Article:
We were a few glasses in at Seamstress, a cocktail bar in NYC. We sat and listened to the owner tell tales of Australia and New York City and food and wine. Then he asked a question that sparked an interesting conversation, “If you could go back to one hour of your life to observe, what hour would it be?”
I didn’t have an answer that night (maybe it was the wine), but I’ve thought about the question since. I’ve thought through memorable moments and really fun nights and family memories.
It wasn’t until last week that I settled on a memory. So Josh, here’s your answer:
My grandparents had this house growing up. It was a few blocks away from the beach in Charlestown, RI. We endearingly called it “The Cozy.” It was built on love and family and fireflies that lit up the yard at night. It always smelled like Grammy’s Chicken Soup and there was perpetually sand on the floor…and in the sheets.
Down the street, there was this huge salt-water pond. My grandpa had a little motorboat and a dock with a crab trap attached to the side.
I spent summers and weekends at the Cozy and fell deeply in love with the ocean. My grandpa and I would spend hours combing the beach for seaglass and exploring the salt water pond. We named all of the “islands” in the pond. Things like “Two Bucket Island” to signify the time we caught four horseshoe crabs and needed two buckets to get them home. And “Slip-and-Slide” because when the tide was just right, you could slide across the mud with your feet.
This was an hour I would go back to. I would go back to watching 8 year old Ali explore and adventure and find her own way. I would watch the switch between when Grandpa was the leader to when Ali started pushing the adventure forward. I would watch the moment 8 year old Ali caught a lobster with a net and gleefully screamed out to all the surrounding fisherman who didn’t believe her.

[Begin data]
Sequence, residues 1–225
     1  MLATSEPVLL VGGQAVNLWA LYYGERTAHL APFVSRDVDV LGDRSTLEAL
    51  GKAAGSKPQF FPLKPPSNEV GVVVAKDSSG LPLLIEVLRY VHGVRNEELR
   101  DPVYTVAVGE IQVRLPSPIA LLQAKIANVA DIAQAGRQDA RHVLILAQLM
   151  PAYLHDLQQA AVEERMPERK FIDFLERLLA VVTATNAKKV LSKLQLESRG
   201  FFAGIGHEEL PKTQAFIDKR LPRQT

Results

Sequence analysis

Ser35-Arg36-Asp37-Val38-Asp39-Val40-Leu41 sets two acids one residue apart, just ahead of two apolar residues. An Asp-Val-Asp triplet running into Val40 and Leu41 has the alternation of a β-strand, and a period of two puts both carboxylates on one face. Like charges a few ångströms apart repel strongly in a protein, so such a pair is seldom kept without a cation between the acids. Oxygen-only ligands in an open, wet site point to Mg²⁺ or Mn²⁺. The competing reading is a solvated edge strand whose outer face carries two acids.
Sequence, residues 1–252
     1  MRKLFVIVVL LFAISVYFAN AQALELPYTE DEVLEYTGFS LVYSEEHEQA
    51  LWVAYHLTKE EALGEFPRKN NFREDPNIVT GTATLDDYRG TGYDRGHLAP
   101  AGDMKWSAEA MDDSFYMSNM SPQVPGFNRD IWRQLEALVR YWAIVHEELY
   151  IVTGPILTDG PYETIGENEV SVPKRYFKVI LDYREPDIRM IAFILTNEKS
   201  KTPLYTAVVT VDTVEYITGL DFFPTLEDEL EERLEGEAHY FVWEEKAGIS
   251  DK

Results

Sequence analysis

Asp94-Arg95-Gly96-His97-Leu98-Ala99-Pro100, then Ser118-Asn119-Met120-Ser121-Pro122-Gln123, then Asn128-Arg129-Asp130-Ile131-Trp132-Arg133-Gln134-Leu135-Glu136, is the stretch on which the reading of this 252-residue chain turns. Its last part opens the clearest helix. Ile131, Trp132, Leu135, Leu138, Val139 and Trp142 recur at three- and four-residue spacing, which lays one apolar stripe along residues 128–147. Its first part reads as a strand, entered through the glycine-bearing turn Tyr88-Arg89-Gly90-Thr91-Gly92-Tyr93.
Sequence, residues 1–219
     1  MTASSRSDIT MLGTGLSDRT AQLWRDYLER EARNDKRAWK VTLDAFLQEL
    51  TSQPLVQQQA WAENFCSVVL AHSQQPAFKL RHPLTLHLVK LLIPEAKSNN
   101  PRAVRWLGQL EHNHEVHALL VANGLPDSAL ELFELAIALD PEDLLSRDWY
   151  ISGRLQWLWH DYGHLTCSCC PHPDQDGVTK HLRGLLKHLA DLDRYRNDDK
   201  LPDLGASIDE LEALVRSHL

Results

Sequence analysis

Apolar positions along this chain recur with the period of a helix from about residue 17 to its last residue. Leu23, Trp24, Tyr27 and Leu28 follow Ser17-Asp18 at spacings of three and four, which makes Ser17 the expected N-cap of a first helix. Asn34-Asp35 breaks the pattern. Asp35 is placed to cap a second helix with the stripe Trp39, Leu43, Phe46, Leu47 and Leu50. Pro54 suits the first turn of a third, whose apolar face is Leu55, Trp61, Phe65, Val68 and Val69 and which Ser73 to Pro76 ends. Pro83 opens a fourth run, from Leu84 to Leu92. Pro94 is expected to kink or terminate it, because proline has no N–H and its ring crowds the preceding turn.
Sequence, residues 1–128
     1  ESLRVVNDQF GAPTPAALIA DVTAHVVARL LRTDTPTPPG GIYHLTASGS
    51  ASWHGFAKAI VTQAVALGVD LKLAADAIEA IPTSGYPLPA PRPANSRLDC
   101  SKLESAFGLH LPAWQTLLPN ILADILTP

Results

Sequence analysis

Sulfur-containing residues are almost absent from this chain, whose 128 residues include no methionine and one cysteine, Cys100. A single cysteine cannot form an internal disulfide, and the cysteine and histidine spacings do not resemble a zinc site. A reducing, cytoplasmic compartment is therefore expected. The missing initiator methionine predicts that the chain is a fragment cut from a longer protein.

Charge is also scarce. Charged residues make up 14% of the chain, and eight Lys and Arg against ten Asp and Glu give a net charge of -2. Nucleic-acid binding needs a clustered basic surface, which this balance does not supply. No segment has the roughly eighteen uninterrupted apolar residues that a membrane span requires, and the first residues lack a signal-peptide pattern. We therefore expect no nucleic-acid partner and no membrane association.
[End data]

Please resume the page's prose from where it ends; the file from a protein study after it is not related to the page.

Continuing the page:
I would watch this hour because I would love to see myself 20 years ago, before heartbreak and perspective and realism. Before I started thinking “it’s kind of dumb to name islands” or “I don’t want to walk in the pond, what if a crab pinches me?”
Deep down I think we all have the childhood Lewis and Clark spirit, craving adventure and new things. Deep down I think our imaginations are still alive, we just usually forget to let them out. Or we listen to voices of fear or judgment or cynicism. Or we don’t create spaces to explore, adventure, or create.
For us to continue growing, we need these spaces in our lives. In Rising Strong, Brene Brown says, “Creativity embeds knowledge so that it can become practice. We move what we’re learning from our heads to our hearts, through our hands.”
Adventure can look a little bit different as an adult. It can look like letting your guard down to love or taking a painting class. It can look like moving to a new city or traveling somewhere you’ve never been or hosting events for your friends.
I like to choose all of the above. If you don’t have a creative outlet, I challenge you to find one. Try journaling your thoughts, playing music, building something, or even taking a road trip this weekend. Find a way to implement adventure and creativity into your life. It makes life more fun, it helps you self-reflect, and it keeps your childlike adventurous spirit alive.